Gemma Hickey entered Japan this week with something no Japanese national can obtain — a gender-neutral passport in which the gender category shows neither female nor male, but an “X.”
The 42-year-old Canadian, who became one of the first in the country to receive such a passport, made their first visit to Japan with the passport on Monday to screen the documentary “Just be Gemma,” which tells the story of Hickey’s gender transition.
“I’m here in solidarity with the activists from Japan,” said Hickey during a media briefing session held at the Canadian Embassy in Tokyo on Wednesday, in a show of support for the 13 LGBT couples who filed lawsuits against the Japanese government on Thursday seeking damages for not allowing them to marry. “I hope that sharing my experiences and challenges will build on good works that activists in Japan are doing.”
Hickey, who does not identify as a female or male and instead uses the pronoun “they,” was born and raised as a female and thought of themselves as gay during their teenage years — Hickey was not familiar with the word “transgender” at the time. Later, Hickey came out as transgender and underwent surgery and hormone treatment.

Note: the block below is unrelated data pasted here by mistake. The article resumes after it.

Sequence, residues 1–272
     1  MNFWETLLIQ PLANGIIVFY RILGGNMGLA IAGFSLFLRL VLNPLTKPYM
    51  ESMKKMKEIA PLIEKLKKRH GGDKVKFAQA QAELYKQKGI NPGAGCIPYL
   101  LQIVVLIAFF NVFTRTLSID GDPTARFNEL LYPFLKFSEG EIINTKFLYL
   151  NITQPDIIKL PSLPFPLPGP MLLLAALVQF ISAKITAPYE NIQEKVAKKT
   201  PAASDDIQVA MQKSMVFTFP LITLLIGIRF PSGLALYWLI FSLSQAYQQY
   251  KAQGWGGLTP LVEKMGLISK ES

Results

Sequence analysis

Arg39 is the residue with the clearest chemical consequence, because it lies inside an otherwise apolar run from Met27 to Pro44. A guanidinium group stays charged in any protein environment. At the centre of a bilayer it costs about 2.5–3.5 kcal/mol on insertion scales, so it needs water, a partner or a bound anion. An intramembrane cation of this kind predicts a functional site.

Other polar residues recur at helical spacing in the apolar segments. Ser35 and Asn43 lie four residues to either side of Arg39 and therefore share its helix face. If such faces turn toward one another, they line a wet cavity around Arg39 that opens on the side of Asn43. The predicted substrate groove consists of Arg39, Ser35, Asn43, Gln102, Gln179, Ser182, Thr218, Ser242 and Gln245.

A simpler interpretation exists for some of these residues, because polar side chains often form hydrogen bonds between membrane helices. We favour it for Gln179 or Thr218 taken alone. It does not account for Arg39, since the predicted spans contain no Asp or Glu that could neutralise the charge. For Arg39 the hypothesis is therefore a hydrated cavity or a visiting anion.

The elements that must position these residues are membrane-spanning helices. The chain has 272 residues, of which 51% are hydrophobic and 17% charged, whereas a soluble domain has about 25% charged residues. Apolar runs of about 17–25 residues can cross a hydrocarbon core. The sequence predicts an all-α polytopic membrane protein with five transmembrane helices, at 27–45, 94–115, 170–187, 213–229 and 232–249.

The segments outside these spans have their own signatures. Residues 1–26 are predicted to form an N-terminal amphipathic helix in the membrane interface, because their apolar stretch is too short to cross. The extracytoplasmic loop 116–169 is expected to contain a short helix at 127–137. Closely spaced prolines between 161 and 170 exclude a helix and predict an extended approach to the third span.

“But, I never really felt like I could fit into this binary of male or female,” said Hickey.
Hickey’s home province of Newfoundland and Labrador handled Hickey’s request to change their birth certificate to “X” after the case was brought to the Supreme Court in 2017.
In the same year, the Canadian government officially started implementing the “X” gender designation in legal documents such as passports, joining a few other countries across the globe including Denmark, Germany and Australia.
After receiving a gender-neutral passport, Hickey felt liberated when they were not stopped by airport staff to question why Hickey’s masculine appearance did not match the gender specified in their passport.
“I was often stopped by the security and had to stand aside. It was embarrassing as I was traveling with my mother,” said Hickey. “With a nonbinary passport, such troubles have never happened so far.”
Issuances of nonbinary passports seem to be a distant goal for activists in Japan, where same-sex marriages are not legally recognized. But Mika Yakushi, a representative director of the nonprofit organization ReBit, which studies LGBT issues, has noted that a similar trend is slowly spreading at the municipal level.
“There are many municipalities that have begun erasing questions related to gender in documents when it is not necessary,” Yakushi said during an interview with The Japan Times on Wednesday.
Hickey, a longtime activist who helped change the legal landscape of Canada, said that by traveling to countries with a nonbinary passport, they hope to make a positive international impact.
“There are many things I can learn from the cleanest and most organized city, Tokyo, and I hope I can leave some positive impacts in Japanese society,” Hickey said.
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